Another thing I've thought about is that many have a very man-centered view of the universe even in the church. And this verse shows what a lie the "man-centered universe" is. This "man-centered" view came up recently when a method of sharing the gospel was presented which I think was deficient but is something many Christians fall into. In this method of sharing the gospel, a drawing is made with two cliffs with a chasm in between. One side is supposed to represent life without Christ and the other, life with Christ. The thing that bridges this chasm is the cross of Christ. So far so good, but in the presentation the presenter wrote a number of words on the side representing life without Christ, words like "hopelessness," "meaninglessness," etc. And on the side of the chasm, representing life with God, words like "peace," "love," and "direction," were written. I think the problem here is subtle but I think it is a real problem. If we want to get across that chasm to get to "peace, love and direction," then "peace, love and direction," have just become idols. "Peace, love and direction" have just become as evil as any other idol that Satan might set up to keep us from God. Ultimately we were made for God, not for "peace, love and direction." Notice that I said, "ultimately," so I'm not denying that salvation will often bring peace love and direction but at times it will not bring these things. Being in Christ will bring hatred, hatred of sin and it will earn the Christian the hatred of the world. Being in Christ should bring a deep inner peace with God, but superficially it may bring anything but peace with non-Christian family members and friends. And being in Christ may cause us to call into question those things that were once best at giving our lives direction. Things like ambition and competitiveness and the desire to have power over others. So crossing that chasm can just as easily destroy certain kinds of peace, love and direction as it will give us new and real peace, love and direction. The fact is that crossing the chasm from unbelief to being in Christ cannot ultimately be about any of those other things we desire. Ultimately it must be about desiring Him. Ultimately it must be about His glory. It must be ultimately about admitting that we were made, "for Him."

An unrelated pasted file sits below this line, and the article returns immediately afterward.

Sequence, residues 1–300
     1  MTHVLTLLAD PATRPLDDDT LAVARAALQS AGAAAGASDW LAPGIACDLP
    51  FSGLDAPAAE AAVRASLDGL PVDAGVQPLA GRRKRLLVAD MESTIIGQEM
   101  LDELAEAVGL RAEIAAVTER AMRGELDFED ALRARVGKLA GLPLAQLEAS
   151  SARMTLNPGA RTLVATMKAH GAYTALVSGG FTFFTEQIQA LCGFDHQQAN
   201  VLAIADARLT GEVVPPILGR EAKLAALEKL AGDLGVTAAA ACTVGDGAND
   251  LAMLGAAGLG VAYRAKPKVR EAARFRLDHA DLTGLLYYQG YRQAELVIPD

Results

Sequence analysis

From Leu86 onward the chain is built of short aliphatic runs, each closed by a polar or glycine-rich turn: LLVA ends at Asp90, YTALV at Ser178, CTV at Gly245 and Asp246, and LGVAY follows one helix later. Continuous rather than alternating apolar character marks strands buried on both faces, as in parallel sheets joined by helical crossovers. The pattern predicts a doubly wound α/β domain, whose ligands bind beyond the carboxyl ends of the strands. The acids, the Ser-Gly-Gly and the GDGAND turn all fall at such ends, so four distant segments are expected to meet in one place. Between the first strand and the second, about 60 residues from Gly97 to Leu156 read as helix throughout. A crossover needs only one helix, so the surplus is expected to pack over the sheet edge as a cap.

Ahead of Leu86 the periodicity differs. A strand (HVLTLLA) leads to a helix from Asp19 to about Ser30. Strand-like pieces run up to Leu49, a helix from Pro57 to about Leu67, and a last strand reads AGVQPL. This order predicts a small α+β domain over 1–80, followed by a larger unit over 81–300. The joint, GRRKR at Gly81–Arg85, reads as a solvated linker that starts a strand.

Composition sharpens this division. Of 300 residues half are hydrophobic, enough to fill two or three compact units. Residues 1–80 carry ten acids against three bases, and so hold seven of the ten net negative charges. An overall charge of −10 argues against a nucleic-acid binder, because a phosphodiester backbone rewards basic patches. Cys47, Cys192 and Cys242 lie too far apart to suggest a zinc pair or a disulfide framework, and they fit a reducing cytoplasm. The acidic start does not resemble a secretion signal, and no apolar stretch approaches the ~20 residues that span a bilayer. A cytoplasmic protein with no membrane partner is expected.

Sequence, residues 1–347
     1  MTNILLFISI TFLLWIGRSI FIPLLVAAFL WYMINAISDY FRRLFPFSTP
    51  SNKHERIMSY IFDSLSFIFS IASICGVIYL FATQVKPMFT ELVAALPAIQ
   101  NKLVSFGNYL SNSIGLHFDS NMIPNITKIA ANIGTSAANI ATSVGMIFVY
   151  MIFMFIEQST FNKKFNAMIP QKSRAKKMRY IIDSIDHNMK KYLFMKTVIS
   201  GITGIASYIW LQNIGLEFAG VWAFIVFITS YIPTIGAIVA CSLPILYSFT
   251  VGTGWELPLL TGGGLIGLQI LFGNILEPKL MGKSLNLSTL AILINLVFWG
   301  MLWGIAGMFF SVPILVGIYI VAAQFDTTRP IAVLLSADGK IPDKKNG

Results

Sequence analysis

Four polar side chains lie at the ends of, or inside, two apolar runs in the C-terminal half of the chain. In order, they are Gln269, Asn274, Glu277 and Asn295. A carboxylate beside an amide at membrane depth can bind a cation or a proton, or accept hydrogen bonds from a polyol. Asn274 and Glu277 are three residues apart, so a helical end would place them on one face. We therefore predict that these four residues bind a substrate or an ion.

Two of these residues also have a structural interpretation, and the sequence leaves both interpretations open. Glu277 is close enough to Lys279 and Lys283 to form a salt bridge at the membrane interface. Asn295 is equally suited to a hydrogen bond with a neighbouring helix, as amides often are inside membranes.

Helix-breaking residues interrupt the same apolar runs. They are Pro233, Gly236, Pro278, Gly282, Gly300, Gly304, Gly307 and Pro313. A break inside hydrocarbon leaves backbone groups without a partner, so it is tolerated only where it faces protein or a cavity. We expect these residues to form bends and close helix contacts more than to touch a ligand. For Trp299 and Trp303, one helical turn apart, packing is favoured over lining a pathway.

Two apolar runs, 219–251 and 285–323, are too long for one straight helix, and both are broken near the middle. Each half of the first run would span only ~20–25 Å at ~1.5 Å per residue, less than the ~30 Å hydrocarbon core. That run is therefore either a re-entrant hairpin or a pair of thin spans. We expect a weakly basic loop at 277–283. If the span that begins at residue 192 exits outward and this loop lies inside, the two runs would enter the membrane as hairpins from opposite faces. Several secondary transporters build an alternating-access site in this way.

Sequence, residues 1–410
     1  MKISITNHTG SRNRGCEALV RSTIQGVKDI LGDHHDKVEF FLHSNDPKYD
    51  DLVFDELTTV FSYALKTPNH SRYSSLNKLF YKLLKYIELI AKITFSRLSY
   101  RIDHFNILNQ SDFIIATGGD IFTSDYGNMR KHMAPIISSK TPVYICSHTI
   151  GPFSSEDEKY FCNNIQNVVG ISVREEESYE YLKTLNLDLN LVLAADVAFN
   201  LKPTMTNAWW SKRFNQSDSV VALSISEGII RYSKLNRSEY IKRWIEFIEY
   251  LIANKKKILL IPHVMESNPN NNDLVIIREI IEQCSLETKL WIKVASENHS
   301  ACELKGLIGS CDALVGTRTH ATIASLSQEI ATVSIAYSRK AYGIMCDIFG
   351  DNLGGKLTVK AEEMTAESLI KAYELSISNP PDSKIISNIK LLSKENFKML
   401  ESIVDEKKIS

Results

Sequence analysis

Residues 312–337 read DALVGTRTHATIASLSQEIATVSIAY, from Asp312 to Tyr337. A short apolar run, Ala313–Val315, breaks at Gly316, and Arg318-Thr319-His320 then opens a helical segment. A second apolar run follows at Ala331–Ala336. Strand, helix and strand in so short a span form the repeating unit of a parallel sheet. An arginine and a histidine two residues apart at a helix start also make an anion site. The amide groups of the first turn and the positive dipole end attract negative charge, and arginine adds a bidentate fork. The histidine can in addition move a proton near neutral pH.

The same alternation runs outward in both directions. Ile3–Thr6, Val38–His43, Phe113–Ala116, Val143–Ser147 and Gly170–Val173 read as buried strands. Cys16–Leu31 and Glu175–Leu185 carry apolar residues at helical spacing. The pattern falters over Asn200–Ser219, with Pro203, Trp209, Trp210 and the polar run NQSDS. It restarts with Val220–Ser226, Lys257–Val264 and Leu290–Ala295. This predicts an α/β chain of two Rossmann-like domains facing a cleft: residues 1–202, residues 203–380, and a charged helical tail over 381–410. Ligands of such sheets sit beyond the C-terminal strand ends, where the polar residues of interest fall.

Sunday, February 1, 2009

Above All

Jesus Christ is not valued at all until He is valued above all.

--Saint Augustine
H/T: T19